It’s difficult to distinguish the good from the bad with such a niche instrument, but it’s fair to say a higher priced model is likely to have been better set up and built to a higher standard  than a cheaper tourist-style instrument.

Some more tips when buying a domra:

Look for solid woods such as a spruce top, maple body, and rosewood or ebony fingerboard as a good starting place.  If you can, ask for a photograph of the actual instrument you’re buying, rather than a small thumbnail picture on a website.  If they’re amenable, you’re probably dealing with a trustworthy seller.

Good Domra Luthiers to look out for (though there are plenty more decent ones out there!):

  • Valery Grebennikov
  • Khukalov
  • V.V. Kostin
  • Anatoly Ivanovich Makeev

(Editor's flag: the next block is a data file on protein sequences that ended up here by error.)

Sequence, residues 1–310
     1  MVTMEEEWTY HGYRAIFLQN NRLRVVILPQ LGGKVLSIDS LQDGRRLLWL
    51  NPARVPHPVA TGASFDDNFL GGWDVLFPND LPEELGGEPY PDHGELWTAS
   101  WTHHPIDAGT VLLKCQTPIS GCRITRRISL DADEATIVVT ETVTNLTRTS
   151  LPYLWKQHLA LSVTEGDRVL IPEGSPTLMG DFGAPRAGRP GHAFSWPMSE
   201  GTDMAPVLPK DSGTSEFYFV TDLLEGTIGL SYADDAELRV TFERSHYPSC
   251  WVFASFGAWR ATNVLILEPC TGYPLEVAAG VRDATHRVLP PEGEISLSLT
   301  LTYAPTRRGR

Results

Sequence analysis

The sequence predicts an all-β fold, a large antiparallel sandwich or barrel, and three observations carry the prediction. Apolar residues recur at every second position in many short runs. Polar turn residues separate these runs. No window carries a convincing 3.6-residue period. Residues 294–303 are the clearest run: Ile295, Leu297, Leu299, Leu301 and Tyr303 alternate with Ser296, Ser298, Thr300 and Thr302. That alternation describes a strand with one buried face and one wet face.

• Nikolai Mukhin
  • Pavlovs
  • M. Saveliyev
  • Evgeny Serjantov
  • Fyodor Ilyich Simakov
  • Valeyulin
  • Zubchenko
domra fretboard

Recommended Domra Strings (and where to buy them)

Here’s a breakdown of some of the best strings for each type of domra, and where you can buy them.

Stores that sell the strings below are: Thomann, Ebay, Amazon, or specialist Russian sites like Lutner.

Pyramid – 685/3 (steel/nickel set)
Solomia – 4-string (steel/copper set)


Emuzin – DP (phosphor bronze set)
Emuzin – 4DP (steel/phosphor bronze set)
Emuzin – 4DP-1 [No.1 E] (steel string)
Gospodin Muzikant– DP28F (steel/phosphor bronze set)
Gospodin Muzikant – DM29F (steel/phosphor bronze set)
Gospodin Muzikant – DM-30 (steel/brass 80/20 set)
Gospodin Muzikant – DM-30F (steel/phosphor bronze set)
Moser – DM1 (bronze 80/20 set)
Moser – DM2 (phosphor bronze set)
Moser – DM3 (phosphor bronze/silk set)